The photo below, taken last week, shows three of my children posing with three of the four plastic hockey sticks I ordered for them on Amazon.*
See those very large boxes and packing paper behind them?
That's how each of those four sticks was shipped to us.
In four separate shipments, arriving on three separate days.
If you noticed there are only three boxes shown, that's because the fourth box was damaged in transit. That stick arrived wrapped in brown shipping paper (like what is shown on top of the four boxes in the photo) with a shipping label stuck onto it. The Canada Post delivery person apologized to us and said the box had been crushed... because it was so empty, and couldn't handle the weight when something heavy was placed on top of it.
If you're perceptive, you may have noticed our "family height chart" hanging on the wall behind the boxes. That might give you a sense of how much packaging was used, but the perspective is off... so here are two better photos:
It's an obscene amount of packaging.
Anyone who's a regular reader of this blog will know that I'm a huge Amazon fan; my family gets so many packages delivered to our house every week, I'm convinced my wife and I will be asked to be the godparents for our regular delivery person's next child.
But the way these hockey sticks were shipped is absurd, and Amazon needs to do better.
Imagine if Amazon were to develop a "semi-sticky" address label: one that's sticky enough to remain on the product during transit but not so sticky that it can't be carefully peeled off the product without causing damage.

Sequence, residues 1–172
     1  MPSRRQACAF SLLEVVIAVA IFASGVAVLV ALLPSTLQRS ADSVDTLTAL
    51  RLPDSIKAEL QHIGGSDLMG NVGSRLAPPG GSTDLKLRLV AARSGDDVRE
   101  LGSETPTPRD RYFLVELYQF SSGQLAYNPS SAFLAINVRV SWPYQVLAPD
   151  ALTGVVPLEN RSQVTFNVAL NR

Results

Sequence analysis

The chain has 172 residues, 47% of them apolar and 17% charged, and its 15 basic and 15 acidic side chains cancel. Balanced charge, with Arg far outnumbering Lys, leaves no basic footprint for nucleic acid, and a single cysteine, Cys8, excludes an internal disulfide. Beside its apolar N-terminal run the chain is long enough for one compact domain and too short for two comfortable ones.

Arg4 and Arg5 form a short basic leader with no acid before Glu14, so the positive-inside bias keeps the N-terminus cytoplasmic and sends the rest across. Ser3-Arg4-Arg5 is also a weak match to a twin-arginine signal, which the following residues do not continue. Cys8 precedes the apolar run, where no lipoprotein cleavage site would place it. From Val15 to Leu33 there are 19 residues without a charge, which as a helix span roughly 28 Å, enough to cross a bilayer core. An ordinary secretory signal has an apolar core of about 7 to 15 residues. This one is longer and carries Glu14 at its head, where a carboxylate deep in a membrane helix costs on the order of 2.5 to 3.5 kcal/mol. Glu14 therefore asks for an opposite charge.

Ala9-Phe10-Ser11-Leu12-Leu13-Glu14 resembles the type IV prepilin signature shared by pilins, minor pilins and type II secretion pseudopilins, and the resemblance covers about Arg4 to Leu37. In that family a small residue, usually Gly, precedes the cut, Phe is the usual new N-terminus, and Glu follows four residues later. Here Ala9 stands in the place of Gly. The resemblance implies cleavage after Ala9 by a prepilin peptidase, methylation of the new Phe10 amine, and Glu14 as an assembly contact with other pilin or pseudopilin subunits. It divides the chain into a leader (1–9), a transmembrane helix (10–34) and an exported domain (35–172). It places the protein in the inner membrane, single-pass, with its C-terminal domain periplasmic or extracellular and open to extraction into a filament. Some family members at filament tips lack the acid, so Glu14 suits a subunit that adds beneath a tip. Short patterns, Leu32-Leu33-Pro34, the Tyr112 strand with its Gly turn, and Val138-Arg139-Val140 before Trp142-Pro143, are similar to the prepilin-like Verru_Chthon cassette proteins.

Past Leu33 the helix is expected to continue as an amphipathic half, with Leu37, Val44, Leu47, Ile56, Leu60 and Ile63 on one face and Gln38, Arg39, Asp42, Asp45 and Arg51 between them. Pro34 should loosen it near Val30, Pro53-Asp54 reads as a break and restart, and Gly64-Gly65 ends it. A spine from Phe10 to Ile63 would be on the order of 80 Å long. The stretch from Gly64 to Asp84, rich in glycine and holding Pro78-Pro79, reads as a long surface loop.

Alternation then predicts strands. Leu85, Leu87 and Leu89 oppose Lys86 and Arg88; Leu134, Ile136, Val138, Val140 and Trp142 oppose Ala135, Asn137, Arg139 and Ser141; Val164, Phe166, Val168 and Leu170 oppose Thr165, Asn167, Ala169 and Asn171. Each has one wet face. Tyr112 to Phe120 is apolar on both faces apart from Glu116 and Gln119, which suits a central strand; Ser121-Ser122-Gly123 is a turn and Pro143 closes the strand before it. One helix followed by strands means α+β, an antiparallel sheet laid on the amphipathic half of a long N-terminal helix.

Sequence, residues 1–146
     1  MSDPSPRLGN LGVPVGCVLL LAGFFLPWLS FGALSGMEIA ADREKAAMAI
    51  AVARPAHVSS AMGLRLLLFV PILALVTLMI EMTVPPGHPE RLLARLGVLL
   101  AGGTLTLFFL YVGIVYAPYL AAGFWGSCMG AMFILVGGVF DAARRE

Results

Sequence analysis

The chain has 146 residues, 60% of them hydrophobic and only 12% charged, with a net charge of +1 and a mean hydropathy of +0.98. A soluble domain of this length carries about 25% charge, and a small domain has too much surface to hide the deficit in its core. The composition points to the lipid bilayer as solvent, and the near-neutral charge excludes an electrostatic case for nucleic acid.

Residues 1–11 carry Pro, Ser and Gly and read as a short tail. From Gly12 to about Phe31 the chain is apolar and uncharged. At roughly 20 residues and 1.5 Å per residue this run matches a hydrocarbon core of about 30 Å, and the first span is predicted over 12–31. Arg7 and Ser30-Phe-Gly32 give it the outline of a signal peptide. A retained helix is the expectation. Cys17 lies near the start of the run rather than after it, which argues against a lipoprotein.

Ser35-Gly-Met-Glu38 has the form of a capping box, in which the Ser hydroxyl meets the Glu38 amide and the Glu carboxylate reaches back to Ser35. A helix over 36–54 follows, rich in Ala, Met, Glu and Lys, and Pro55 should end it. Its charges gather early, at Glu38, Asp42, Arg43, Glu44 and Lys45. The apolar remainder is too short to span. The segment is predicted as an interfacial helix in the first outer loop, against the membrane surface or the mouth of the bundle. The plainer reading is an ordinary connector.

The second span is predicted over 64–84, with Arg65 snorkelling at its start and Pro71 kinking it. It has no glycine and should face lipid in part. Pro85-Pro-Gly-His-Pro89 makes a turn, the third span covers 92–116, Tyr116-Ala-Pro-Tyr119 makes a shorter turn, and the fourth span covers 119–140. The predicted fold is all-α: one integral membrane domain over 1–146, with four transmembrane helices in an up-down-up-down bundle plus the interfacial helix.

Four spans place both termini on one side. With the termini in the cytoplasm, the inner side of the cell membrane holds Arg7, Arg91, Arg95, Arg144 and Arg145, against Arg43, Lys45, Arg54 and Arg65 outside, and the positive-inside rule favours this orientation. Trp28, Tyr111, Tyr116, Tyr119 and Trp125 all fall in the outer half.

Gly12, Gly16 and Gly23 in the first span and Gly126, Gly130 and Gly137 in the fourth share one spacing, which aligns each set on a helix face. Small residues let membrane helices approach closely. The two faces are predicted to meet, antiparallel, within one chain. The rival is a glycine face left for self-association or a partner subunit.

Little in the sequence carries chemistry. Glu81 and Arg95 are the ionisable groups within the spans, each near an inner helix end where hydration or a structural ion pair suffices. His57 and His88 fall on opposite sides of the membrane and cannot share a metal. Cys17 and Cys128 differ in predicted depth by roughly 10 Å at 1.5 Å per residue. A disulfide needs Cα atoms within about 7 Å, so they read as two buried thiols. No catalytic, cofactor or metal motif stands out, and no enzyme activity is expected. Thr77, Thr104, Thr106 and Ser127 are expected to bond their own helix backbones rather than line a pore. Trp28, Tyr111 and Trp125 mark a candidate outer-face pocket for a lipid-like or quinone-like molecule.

Now think of all the products that Amazon normally ships in boxes that could instead be shipped box-free:
Diapers. Toilet Paper. Laundry Detergent. Nearly indestructible plastic hockey sticks.
You get the idea.
Reducing the amount of packaging that Amazon uses isn't just the right thing to do... it's what Amazon has already committed to doing.
In September 2019, Amazon announced it was co-founding The Climate Pledge, establishing a goal to meet the environmental commitments outlined in the Paris Agreement 10 years early. In June 2020, they announced a $2 billion Climate Pledge funding commitment towards that goal, and decided the Seattle arena for which they had purchased the naming rights would be called Climate Pledge Arena, "as a regular reminder of the urgent need for climate action."
They've already made some big commitments, and written some big cheques, in the name of the environment. But they can obviously do more.
Starting, perhaps, with a semi-sticky sticker.
* My eldest daughter Chloe was participating in her virtual school when this photo was taken, and thus unavailable for the photo-op. For the record, she is equally adorable.